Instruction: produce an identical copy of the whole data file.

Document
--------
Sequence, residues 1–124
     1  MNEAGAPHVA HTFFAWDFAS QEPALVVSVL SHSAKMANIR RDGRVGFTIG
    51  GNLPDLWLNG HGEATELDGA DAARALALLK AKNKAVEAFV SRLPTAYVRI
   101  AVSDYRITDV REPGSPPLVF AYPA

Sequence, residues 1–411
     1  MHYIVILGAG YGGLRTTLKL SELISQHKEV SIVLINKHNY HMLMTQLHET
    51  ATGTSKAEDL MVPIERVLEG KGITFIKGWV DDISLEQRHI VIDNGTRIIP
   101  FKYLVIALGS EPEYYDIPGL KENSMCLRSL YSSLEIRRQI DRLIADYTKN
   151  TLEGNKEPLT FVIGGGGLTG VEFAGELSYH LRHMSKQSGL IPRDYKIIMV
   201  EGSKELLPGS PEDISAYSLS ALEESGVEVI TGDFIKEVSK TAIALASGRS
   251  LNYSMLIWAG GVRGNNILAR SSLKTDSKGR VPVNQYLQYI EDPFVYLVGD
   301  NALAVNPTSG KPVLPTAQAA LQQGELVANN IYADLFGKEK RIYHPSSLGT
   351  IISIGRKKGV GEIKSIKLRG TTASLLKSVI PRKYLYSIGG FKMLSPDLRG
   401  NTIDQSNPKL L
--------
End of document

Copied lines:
Sequence, residues 1–124
     1  MNEAGAPHVA HTFFAWDFAS QEPALVVSVL SHSAKMANIR RDGRVGFTIG
    51  GNLPDLWLNG HGEATELDGA DAARALALLK AKNKAVEAFV SRLPTAYVRI
   101  AVSDYRITDV REPGSPPLVF AYPA

Sequence, residues 1–411
     1  MHYIVILGAG YGGLRTTLKL SELISQHKEV SIVLINKHNY HMLMTQLHET
    51  ATGTSKAEDL MVPIERVLEG KGITFIKGWV DDISLEQRHI VIDNGTRIIP
   101  FKYLVIALGS EPEYYDIPGL KENSMCLRSL YSSLEIRRQI DRLIADYTKN
   151  TLEGNKEPLT FVIGGGGLTG VEFAGELSYH LRHMSKQSGL IPRDYKIIMV
   201  EGSKELLPGS PEDISAYSLS ALEESGVEVI TGDFIKEVSK TAIALASGRS
   251  LNYSMLIWAG GVRGNNILAR SSLKTDSKGR VPVNQYLQYI EDPFVYLVGD
   301  NALAVNPTSG KPVLPTAQAA LQQGELVANN IYADLFGKEK RIYHPSSLGT
   351  IISIGRKKGV GEIKSIKLRG TTASLLKSVI PRKYLYSIGG FKMLSPDLRG
   401  NTIDQSNPKL L